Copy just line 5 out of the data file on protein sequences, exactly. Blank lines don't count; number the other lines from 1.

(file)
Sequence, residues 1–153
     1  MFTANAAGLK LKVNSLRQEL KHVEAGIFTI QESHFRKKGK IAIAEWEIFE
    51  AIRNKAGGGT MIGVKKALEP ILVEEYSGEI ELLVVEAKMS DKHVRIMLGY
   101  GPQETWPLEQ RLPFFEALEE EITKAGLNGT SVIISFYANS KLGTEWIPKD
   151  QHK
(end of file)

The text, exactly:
   151  QHK